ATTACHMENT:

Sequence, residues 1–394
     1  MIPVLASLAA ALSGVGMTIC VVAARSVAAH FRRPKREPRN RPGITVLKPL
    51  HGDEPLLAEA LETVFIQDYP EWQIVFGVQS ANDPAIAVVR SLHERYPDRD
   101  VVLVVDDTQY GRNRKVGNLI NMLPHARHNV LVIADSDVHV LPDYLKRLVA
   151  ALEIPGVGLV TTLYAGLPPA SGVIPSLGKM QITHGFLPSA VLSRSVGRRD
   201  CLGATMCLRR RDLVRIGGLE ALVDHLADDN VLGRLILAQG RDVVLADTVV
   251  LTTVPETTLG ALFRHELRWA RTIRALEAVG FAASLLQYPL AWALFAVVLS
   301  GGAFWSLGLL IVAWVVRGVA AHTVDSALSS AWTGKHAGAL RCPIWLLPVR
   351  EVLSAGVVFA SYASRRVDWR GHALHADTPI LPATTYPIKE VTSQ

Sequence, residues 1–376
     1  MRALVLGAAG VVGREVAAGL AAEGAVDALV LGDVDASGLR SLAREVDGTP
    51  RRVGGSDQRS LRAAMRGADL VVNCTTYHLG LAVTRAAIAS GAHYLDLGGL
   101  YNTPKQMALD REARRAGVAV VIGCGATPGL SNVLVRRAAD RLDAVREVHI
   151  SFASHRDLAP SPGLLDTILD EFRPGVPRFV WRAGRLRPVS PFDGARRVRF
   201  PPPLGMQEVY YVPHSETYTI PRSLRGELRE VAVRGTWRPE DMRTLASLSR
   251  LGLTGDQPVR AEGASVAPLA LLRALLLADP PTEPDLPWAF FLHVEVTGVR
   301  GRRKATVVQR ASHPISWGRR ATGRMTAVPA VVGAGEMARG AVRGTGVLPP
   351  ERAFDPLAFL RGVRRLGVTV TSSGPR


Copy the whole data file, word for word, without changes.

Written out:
Sequence, residues 1–394
     1  MIPVLASLAA ALSGVGMTIC VVAARSVAAH FRRPKREPRN RPGITVLKPL
    51  HGDEPLLAEA LETVFIQDYP EWQIVFGVQS ANDPAIAVVR SLHERYPDRD
   101  VVLVVDDTQY GRNRKVGNLI NMLPHARHNV LVIADSDVHV LPDYLKRLVA
   151  ALEIPGVGLV TTLYAGLPPA SGVIPSLGKM QITHGFLPSA VLSRSVGRRD
   201  CLGATMCLRR RDLVRIGGLE ALVDHLADDN VLGRLILAQG RDVVLADTVV
   251  LTTVPETTLG ALFRHELRWA RTIRALEAVG FAASLLQYPL AWALFAVVLS
   301  GGAFWSLGLL IVAWVVRGVA AHTVDSALSS AWTGKHAGAL RCPIWLLPVR
   351  EVLSAGVVFA SYASRRVDWR GHALHADTPI LPATTYPIKE VTSQ

Sequence, residues 1–376
     1  MRALVLGAAG VVGREVAAGL AAEGAVDALV LGDVDASGLR SLAREVDGTP
    51  RRVGGSDQRS LRAAMRGADL VVNCTTYHLG LAVTRAAIAS GAHYLDLGGL
   101  YNTPKQMALD REARRAGVAV VIGCGATPGL SNVLVRRAAD RLDAVREVHI
   151  SFASHRDLAP SPGLLDTILD EFRPGVPRFV WRAGRLRPVS PFDGARRVRF
   201  PPPLGMQEVY YVPHSETYTI PRSLRGELRE VAVRGTWRPE DMRTLASLSR
   251  LGLTGDQPVR AEGASVAPLA LLRALLLADP PTEPDLPWAF FLHVEVTGVR
   301  GRRKATVVQR ASHPISWGRR ATGRMTAVPA VVGAGEMARG AVRGTGVLPP
   351  ERAFDPLAFL RGVRRLGVTV TSSGPR